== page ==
Pop-Up Library for Families

Jeffery Splain helps his children, Mckenzie and Jahr, discover the joy of reading at a pop-up library installed at their Edina apartment complex.

It’s just two shelves of books set up outside the office at a local apartment complex, but Edina’s littlest library is making a big difference in the lives of the families who use it.

There are picture books and folktales and easy-readers in a number of languages—stories that kids and grownups who are learning English can read out loud. There are pockets inside the book jackets, check-out slips and even a de facto librarian: Brittney Martinez, who is the property manager at the apartment complex, Edina Park.

When Martinez and Mary Streier, manager of targeted early childhood services at the Edina Family Center, set up the shelves last fall, they just thought they might be able to get some unused books into kids’ hands. They had no idea how popular the tiny library would become.

“Our residents really love it,” says Martinez. “We’ve gotten so many compliments.”

Many of the families that live in the complex are new to the United States, and are drawn to the community because of Edina’s excellent schools. In turn, Edina Public Schools puts a lot of energy into making sure every child is poised to succeed in kindergarten and beyond.

In the case of families that don’t speak English, parents also often need help getting up to speed by the time their kids enter school, says Streier. “A lot of times they are telling us their language [skills aren’t] sufficient to help with homework.”

While all Minnesota school districts by law must have a school readiness coordinator like Streier, the Edina Family Center offers a much more focused effort to make sure that all of the community’s children have access to high-quality preschool and other kindergarten readiness experiences.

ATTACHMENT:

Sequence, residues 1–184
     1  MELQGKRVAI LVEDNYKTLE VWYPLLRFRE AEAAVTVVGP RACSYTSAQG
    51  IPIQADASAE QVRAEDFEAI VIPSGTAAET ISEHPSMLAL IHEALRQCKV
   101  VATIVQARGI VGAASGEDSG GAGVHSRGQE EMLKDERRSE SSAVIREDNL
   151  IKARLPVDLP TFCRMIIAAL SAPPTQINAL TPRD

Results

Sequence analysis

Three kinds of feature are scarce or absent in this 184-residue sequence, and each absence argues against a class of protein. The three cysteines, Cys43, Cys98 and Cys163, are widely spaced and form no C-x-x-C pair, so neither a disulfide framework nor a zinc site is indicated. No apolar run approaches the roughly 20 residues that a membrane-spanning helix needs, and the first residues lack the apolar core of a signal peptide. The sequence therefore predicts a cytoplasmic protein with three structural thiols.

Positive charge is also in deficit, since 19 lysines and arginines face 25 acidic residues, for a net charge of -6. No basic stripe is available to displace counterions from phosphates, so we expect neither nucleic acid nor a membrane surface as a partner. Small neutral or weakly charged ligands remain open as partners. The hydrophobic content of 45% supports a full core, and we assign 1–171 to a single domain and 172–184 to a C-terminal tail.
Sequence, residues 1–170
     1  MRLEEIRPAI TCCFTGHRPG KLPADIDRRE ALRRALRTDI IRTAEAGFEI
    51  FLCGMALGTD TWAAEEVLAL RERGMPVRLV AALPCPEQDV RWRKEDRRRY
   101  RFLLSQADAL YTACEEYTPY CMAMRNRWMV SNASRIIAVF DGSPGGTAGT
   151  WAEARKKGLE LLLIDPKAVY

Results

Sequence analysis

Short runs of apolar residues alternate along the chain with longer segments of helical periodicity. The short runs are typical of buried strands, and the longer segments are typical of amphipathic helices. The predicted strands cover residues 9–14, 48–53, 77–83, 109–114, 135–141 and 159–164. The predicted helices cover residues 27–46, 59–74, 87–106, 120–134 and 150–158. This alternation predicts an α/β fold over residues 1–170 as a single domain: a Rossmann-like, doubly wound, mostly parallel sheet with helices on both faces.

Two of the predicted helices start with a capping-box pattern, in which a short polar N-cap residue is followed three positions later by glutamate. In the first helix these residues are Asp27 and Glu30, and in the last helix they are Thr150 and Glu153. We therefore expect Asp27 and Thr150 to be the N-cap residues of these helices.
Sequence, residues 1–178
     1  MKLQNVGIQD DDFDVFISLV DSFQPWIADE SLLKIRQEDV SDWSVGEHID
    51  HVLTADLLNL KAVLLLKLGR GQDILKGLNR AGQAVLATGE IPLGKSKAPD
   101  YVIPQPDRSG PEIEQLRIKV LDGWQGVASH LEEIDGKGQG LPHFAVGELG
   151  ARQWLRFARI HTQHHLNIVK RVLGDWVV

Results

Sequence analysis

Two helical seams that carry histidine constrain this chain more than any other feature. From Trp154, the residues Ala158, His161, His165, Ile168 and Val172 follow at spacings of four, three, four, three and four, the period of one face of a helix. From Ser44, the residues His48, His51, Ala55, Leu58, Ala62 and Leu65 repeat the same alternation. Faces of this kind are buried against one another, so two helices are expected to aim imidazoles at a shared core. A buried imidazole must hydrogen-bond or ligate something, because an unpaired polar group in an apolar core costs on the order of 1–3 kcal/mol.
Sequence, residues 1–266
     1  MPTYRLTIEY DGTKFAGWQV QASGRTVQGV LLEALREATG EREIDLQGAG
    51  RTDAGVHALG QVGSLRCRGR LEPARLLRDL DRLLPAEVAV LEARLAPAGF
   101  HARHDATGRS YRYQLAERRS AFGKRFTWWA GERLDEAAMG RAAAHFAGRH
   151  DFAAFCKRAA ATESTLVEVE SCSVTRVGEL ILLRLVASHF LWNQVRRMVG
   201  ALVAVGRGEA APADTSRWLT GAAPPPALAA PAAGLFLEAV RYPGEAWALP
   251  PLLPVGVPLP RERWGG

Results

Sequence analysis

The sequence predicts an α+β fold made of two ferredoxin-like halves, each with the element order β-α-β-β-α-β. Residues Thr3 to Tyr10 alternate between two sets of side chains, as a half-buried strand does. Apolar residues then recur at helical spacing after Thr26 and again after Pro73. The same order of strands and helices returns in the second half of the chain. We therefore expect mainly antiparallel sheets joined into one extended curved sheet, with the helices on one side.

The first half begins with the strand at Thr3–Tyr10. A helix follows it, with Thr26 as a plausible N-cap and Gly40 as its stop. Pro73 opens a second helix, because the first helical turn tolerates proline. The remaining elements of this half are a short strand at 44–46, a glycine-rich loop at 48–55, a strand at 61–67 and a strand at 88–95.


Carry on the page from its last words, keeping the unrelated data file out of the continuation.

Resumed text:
The Edina Family Center takes its pre-K services to the community, rather than waiting for families—who might not be aware that they qualify for preschool—to seek them out. Knowing that transportation and isolation can be issues for newcomers who don’t speak English, Streier is a fixture in Edina’s apartment communities.

A mother of two herself, Martinez was thrilled to have Early Childhood Family Education staff on the property. She made it a point to invite Streier to set up a table at the complex’s annual National Night Out celebration.

Separately, each had wondered whether a small shelf outside Martinez’s office that held a handful of adult books otherwise unread might be made useful. In September, the Edina Family Center replaced it with a real bookshelf stocked with books chosen for adult English-language learners to read to their children, as well as titles for older kids.

Martinez and Streier hosted two family nights where residents—including some students who got a good start with the Family Center—pitched in to catalogue the collection.

Martinez says she hears constantly that the diversity of the selection is what draws families back to the shelf on a regular basis. More difficult books will be added over time, and Streier would like to add some activity bags with toys and games families can check out. “I knew one of the best things to do was to get books into the hands of those kids,” Streier says. “Whatever we can do to help parents help their kids be ready.”